Making the transition from seminary to institute

Published: Thursday, July 10 2014 7:00 a.m. MDT

Roy Scott (left) and Jake Steenblik compete in an arm wrestling competition during a carnival at the LDS Institute of religion at the University of Utah in 2008.

Keith Johnson, Deseret News

As an 18-year-old freshman at Utah State University, Bradon Capener registered for classes at the Logan Institute of Religion for The Church of Jesus Christ of Latter-day Saints, but he admits he didn’t see the value and rarely attended.

It wasn’t until Capener returned from serving a Mormon mission a few years later and “decided to get involved” that he realized what he had been missing. Not only did the returned missionary come to appreciate the gospel more deeply through the instructors and spiritual classes, but he also found it fulfilling to help plan activities and interact with other students. In time he became the president of the institute's official campus club, the Latter-day Saint Student Association. The institute building became like a second home.

“I was lost until I found I could be involved there. I made a lot of friends, and it was a productive use of my time. It helped me transition from returned missionary to productive living,” Capener said. “There is nothing better than institute to help you make friends, learn, grow and be buoyed up.”

Capener is one of countless college-aged Latter-day Saints who have had positive experiences at institute, fulfilling the prophetic promise of LDS Church President Thomas S. Monson, who in 2009 asked college students to “make participation in institute a priority.”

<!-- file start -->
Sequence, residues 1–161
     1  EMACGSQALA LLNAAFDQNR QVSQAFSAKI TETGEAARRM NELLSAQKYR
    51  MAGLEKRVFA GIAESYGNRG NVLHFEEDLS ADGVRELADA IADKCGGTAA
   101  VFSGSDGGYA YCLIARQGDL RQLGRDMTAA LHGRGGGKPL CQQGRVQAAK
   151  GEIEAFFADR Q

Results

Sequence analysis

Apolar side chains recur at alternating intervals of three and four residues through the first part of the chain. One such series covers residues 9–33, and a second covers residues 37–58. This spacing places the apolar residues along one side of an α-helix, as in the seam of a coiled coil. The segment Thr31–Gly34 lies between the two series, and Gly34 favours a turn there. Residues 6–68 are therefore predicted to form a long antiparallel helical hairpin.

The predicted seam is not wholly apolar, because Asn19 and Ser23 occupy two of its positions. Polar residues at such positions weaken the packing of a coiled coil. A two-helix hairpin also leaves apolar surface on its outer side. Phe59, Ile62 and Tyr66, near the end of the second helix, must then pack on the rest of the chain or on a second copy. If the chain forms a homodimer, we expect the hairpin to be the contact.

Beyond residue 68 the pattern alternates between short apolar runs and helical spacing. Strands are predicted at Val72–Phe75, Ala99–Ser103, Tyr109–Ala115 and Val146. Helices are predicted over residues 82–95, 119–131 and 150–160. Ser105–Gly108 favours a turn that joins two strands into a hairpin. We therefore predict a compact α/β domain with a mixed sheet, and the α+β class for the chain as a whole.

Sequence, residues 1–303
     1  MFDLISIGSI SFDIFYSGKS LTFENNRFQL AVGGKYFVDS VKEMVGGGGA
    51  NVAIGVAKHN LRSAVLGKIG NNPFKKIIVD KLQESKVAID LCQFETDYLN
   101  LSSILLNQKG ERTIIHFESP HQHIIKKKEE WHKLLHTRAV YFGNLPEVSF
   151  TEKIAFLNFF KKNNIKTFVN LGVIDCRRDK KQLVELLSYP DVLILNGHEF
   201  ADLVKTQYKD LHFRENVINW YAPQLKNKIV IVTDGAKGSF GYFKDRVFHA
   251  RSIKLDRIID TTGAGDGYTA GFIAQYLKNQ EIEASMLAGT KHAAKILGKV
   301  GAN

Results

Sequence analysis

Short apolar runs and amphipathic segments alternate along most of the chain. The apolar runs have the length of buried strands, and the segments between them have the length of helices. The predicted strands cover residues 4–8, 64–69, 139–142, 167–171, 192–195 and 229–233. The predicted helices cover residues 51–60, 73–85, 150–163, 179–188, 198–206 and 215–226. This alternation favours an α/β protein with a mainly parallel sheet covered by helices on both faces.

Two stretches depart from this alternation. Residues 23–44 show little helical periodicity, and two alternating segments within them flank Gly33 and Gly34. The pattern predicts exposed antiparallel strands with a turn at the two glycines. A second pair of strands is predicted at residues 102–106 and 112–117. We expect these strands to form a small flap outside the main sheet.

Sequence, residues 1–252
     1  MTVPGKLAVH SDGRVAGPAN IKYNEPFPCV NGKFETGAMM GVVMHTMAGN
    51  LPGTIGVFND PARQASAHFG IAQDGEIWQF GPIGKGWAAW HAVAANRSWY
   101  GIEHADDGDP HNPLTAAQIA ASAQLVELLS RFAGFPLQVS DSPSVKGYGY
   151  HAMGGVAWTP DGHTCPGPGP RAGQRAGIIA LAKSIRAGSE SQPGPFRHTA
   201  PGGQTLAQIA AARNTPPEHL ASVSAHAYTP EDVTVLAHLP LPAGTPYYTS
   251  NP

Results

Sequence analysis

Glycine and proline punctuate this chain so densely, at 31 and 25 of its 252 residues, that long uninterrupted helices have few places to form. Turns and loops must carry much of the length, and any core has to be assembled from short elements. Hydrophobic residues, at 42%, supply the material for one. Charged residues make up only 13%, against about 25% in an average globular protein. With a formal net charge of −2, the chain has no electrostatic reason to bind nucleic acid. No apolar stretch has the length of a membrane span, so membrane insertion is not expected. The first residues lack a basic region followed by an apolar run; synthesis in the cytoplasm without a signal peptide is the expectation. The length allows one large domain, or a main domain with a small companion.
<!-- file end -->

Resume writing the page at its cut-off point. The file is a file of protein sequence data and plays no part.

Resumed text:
“Think of it. Friends will be made, the Spirit will be felt and faith will be strengthened,” the prophet said. “I promise you, that as you participate in institute and study the scriptures diligently, your power to avoid temptation and to receive direction of the Holy Ghost in all you do will be increased. Divine favor will attend those who humbly seek it. That is a promise which I leave with you.”

Seminary graduates preparing to attend college this fall would be wise to follow President Monson’s counsel and participate in institute, said Grant Anderson, an assistant administrator of Seminaries and Institutes of Religion. Anderson, along with Capener and fellow institute stalwarts Amanda Mae Monson and Lyssa Wanner, can attest to blessings that come with attending institute.

“We have kind of held (students') hand through seminary and high school,” Anderson said. “Now they are at a crossroads of making decisions about missions, careers and marriage. We’re hoping here is a place that can help keep you grounded as you are making those critical decisions.”

Who is invited?

According to Institute.lds.org, more than 350,000 students are enrolled in institute at over 2,500 locations worldwide. These programs are primarily located near college campuses. For those who don't live near a university, stake-based programs have been established. Find an institute by going to institute.lds.org and click on "Find an Institute."

Originally, Anderson said institute was designed for college students. That changed three years ago when it was decided that institute would be available for all young adults ages 18-30, primarily focused on those who are single, Anderson said. There is no cost to attend institute.

New mindset

There is a misconception among incoming freshmen that institute is really just seminary for college kids, something they feel they have already experienced. That isn't the case, Anderson said.

"It's a mindset we hope to change," Anderson said. "We would hope they see it as an eight-year program, not just a four-year seminary program. We hope they would would see that continuation."

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How does institute differ from seminary?

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